Turkish president Recep Tayyip Erdogan had earlier warned those reporting on the devastating earthquake to refrain from “fake news” and said that those “causing social chaos” would be prosecuted.
One freelance journalist, Mir Ali Kocer who is now under investigation by the authorities has claimed that he “did not share information without thorough research and analysis”.
Reporters Without Borders [RSF] has called the investigation against Mr Kocer “absurd”.
A media advocacy group, the Committee to Protect Journalists [CPJ] has claimed that at least three more journalists are facing criminal charges for reporting or commenting on the earthquake and the humongous toll it took.
Merdan Yanardag and Enver Aysever criticised the government’s rescue efforts in the days following the earthquake. They have both been detained by authorities now, according to reports.
The journalists could face up to three years in prison.
A few days ago, police prevented journalist Sibel Tekin and her lawyer from holding a press conference in front of the courthouse where the first hearing against Ms Tekin was held. At least five women journalists were obstructed, threatened, and followed by police.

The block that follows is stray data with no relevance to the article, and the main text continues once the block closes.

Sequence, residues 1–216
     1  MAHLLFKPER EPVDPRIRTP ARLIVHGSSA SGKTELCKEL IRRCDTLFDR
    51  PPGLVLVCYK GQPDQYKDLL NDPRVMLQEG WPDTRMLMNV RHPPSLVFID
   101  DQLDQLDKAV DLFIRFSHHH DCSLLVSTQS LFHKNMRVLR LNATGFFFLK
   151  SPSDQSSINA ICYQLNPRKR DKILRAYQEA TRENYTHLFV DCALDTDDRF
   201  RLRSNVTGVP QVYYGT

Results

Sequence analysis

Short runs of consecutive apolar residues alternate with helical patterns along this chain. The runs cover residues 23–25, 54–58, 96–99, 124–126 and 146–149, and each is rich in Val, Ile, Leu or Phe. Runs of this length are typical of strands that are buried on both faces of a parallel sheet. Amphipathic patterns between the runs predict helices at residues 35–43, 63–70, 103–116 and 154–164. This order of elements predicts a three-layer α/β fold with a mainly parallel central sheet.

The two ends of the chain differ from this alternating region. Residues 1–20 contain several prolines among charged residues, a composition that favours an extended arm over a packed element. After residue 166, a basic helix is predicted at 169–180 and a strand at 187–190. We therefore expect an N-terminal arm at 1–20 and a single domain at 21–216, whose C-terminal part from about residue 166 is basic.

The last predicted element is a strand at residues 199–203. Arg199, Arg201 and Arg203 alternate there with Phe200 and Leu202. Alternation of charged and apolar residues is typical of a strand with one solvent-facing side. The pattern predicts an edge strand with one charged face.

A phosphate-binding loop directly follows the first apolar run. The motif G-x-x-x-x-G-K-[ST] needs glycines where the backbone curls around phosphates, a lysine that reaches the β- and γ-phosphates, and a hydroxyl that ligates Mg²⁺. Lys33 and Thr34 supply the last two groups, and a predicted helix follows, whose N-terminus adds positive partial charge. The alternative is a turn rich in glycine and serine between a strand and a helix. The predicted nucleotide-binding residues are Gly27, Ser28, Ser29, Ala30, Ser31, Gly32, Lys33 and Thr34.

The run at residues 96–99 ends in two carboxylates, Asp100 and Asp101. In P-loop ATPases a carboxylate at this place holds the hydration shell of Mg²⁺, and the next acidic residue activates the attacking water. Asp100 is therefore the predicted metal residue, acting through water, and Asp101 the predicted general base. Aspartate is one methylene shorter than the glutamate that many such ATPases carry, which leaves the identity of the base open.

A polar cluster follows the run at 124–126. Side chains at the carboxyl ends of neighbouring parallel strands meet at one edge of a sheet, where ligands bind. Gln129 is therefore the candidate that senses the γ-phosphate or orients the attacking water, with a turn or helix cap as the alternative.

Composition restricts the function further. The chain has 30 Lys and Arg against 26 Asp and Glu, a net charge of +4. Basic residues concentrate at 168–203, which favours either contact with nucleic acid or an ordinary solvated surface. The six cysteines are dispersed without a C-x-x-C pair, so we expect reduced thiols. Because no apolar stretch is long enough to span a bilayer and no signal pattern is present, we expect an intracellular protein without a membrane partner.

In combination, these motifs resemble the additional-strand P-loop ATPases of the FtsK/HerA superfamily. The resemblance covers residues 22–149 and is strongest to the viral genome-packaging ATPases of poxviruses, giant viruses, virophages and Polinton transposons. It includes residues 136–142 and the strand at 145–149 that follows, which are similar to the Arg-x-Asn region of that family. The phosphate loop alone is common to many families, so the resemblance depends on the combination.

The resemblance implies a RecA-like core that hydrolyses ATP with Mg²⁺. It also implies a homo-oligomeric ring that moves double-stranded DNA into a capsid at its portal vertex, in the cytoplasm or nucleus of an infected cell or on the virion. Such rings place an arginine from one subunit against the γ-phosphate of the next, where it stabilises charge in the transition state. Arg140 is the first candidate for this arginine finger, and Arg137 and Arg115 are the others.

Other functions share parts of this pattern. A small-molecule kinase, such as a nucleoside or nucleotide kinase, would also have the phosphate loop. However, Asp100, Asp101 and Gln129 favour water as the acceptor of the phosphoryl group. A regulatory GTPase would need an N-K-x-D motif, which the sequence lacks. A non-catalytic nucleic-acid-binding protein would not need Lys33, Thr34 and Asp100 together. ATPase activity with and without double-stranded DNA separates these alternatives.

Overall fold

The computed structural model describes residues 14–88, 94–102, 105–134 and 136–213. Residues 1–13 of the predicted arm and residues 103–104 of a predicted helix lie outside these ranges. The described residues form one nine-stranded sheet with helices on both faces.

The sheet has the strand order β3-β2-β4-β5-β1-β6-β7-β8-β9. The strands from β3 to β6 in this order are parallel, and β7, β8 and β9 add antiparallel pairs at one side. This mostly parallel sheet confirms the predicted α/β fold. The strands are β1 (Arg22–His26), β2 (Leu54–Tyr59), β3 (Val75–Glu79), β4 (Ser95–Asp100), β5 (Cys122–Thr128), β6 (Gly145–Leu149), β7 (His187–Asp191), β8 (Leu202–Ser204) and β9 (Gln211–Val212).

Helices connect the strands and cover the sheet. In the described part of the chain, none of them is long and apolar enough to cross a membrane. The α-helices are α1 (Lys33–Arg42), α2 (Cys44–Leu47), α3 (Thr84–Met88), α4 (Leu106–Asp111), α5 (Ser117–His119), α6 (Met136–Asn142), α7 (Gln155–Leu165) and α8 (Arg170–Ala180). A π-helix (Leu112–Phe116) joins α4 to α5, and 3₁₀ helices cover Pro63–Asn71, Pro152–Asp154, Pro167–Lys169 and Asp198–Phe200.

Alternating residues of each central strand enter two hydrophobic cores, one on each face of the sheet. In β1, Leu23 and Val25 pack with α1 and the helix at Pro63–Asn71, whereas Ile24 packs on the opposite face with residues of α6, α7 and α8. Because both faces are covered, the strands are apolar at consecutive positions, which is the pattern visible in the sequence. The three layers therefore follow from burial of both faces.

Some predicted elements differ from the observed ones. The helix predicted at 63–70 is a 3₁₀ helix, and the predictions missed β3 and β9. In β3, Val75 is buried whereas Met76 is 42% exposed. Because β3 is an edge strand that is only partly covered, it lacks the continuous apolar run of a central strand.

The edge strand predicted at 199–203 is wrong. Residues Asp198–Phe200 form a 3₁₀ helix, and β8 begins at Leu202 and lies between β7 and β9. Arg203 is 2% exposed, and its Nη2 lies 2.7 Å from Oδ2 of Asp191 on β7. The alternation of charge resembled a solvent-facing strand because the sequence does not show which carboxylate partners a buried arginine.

Press freedom groups have claimed that dozens have been detained, harassed or prevented from reporting.
Meanwhile in #Turkey, when #womenjournalists are sent to court journalists are discouraged from covering the hearing. I’ve been to many of these myself. Especially in the absence of Foriegn media or advocacy groups on location, we often see #police aggression against the #press. https://t.co/mMyjKYwMml
— Kiran Nazish (@kirannazish) February 24, 2023
Critics of the government, however, claim that the crackdown on free speech has gone too far. “The government is trying to suppress information coming from the quake zone,” cyber rights expert Yaman Akdeniz who teaches at the Istanbul Bilgi University was quoted as saying by BBC.
More than 160,000 buildings, containing 520,000 apartments, collapsed or were severely damaged as a result of earthquakes that killed more than 50,000 people across Turkey and Syria and left millions homeless in cold winter weather.
Mr Erdogan has also pledged to rebuild housing within one year.